The In Vitro Elution Characteristics of Vancomycin from Tendons
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Background Infection after ACL reconstruction is uncommon but catastrophic. Prophylactic graft saturation in vancomycin reportedly reduces infection rates. Questions/purposes We characterized vancomycin elution from soaked tendons. Specifically, the effect of rinsing was studied. We also determined how vancomycin concentration in the soak solution and tendon dimension influenced this elution rate, and examined whether the vancomycin amount released was lower than osteoblast and chondroblast toxic concentrations. Methods Bovine tendons were wrapped in sterile gauze swabs presoaked with 5-, 2.5-, or 1.25-mg/mL vancomycin solutions. After 10 minutes, rinsed and unrinsed tendons were placed in 100 mL agitated 37àphosphate-buffered saline (PBS). One-milliliter samples taken at 10 minutes and 1, 6, 12, 24, and 72 hours were analyzed by high-performance liquid chromatography. Results The maximum elution rate occurred between 10 minutes and 1 hour, with no lag between experiment initiation and drug appearance in the solution. Rinsing affected the initial amount in solution but had little influence on drug release after 10 minutes. Vancomycin diffusion rates were dependent on soak solution concentration at all sampling intervals. The vancomycin amount released or eluted did not increase after the 1-hour interval. At 24 hours, concentrations were 45 ᠱ2, 16 ᠱ, and 9 ᠳ 姯mL for the 5-, 2.5-, and 1.25-mg/mL solutions, respectively. Higher elution rates were observed in larger-volume tendons. Conclusions Soaked tendon grafts can act as reservoirs for vancomycin, with the amount released and elution profile dependent on rinsing, tendon volume, and soak solution concentration. Vancomycin elution was lower than previously reported osteoblast and chondroblast toxicity concentrations and above the minimum inhibitory concentration for Staphylococcus. Clinical Relevance Presoaking ACL reconstruction autografts with vancomycin may reduce the risk of ACL reconstruction infection without the risk of local or general toxicity.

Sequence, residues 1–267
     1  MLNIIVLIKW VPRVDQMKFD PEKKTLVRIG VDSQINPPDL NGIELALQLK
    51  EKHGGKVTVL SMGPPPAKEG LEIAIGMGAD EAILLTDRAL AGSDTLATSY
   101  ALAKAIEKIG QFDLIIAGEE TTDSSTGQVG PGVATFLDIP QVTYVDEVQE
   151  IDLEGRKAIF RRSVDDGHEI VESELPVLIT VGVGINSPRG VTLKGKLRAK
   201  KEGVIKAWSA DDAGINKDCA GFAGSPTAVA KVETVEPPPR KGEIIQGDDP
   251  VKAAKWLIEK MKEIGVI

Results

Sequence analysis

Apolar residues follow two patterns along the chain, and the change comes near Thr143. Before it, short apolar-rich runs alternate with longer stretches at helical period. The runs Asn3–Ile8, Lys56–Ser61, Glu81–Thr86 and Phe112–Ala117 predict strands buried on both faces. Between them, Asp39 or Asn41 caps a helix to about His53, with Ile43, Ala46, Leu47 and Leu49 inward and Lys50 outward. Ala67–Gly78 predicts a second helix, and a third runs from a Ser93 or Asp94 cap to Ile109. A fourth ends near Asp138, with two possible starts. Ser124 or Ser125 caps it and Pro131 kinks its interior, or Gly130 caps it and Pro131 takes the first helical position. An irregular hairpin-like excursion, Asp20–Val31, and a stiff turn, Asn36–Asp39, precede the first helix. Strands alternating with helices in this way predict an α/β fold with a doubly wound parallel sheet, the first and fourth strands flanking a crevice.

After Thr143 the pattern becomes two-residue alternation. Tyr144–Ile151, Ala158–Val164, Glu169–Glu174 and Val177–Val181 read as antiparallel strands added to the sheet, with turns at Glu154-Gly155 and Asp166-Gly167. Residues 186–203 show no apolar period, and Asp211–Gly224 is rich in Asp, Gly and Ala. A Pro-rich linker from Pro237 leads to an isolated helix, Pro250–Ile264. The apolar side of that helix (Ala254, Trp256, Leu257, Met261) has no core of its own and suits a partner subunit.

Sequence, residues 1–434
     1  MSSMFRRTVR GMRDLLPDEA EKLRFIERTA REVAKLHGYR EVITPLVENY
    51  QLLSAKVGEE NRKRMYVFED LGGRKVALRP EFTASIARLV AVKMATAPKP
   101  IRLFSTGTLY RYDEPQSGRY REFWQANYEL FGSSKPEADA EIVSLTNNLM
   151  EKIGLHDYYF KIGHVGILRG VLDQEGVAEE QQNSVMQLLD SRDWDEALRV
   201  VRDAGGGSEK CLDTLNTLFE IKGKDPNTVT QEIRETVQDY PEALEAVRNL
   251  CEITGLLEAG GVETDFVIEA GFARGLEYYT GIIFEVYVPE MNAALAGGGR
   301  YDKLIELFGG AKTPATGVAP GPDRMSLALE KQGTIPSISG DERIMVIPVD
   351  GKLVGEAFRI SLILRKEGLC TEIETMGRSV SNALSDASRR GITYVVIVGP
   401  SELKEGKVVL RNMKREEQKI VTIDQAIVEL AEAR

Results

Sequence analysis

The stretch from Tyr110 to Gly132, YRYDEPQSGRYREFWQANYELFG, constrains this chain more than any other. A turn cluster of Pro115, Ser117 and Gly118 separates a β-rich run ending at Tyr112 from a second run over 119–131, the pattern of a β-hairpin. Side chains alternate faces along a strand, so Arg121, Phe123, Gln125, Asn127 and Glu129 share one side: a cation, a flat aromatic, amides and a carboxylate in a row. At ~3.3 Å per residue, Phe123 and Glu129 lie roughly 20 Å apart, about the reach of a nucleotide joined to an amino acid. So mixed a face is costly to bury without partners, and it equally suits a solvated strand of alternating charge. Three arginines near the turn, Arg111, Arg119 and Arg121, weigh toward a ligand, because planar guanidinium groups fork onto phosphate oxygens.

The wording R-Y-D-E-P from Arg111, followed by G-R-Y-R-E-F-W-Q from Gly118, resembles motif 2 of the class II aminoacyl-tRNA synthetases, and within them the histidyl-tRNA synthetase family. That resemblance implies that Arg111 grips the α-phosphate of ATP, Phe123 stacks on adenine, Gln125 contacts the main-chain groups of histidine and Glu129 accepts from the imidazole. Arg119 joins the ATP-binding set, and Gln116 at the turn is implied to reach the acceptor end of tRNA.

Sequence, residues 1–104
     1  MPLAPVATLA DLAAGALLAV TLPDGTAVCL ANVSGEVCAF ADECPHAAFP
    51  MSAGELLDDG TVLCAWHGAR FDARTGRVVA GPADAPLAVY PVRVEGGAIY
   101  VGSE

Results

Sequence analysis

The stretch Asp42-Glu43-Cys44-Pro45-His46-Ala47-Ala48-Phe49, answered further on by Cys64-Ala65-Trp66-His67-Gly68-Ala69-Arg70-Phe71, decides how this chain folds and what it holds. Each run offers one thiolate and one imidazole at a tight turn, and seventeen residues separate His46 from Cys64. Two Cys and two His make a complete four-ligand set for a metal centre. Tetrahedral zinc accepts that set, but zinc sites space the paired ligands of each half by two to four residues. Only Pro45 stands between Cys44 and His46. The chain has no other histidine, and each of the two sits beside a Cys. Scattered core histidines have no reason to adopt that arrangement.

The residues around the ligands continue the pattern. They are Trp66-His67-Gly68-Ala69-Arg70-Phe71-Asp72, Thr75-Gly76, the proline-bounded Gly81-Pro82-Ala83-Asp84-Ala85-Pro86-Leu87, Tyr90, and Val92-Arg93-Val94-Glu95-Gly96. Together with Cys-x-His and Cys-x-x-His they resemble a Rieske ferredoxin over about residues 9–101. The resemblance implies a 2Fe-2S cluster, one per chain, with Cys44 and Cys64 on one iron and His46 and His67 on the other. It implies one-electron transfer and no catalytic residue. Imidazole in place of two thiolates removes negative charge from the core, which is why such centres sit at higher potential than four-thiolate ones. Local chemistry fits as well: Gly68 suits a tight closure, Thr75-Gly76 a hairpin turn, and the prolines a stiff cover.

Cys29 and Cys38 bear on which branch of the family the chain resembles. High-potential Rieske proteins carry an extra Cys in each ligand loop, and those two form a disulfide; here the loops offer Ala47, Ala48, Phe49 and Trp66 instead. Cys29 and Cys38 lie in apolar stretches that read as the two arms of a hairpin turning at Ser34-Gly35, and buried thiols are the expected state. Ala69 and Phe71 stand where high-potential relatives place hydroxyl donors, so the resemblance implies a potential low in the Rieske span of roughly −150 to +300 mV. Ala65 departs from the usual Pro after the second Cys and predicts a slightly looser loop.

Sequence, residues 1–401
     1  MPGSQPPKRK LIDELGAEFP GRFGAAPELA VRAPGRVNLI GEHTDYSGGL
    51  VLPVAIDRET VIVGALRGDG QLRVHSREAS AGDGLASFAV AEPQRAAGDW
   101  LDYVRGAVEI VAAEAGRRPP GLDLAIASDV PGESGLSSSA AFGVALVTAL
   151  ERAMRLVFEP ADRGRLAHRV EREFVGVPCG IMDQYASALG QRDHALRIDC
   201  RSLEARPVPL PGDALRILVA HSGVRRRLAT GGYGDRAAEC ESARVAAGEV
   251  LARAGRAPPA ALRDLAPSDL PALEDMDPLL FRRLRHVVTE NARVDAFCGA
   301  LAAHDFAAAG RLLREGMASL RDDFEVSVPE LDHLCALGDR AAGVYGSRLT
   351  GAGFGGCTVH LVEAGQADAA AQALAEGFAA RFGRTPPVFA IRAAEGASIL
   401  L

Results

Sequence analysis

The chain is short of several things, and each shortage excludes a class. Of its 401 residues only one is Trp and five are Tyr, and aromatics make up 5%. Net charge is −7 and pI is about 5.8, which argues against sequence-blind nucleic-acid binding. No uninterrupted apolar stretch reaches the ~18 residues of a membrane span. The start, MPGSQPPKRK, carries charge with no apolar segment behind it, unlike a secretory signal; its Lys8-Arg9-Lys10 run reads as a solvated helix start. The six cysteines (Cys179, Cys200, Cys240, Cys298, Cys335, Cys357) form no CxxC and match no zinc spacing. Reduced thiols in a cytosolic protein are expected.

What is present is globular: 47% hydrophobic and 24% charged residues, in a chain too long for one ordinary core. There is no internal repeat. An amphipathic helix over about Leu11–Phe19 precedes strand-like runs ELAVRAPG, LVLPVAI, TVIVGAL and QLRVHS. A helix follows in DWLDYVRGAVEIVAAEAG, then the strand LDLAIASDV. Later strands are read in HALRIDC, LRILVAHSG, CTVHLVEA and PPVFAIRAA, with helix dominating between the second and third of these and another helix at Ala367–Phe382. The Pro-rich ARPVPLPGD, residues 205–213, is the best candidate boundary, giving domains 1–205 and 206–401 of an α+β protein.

Clinical Orthopaedics and Related Research
Pharmacology and Pharmaceutical Sciences not elsewhere classified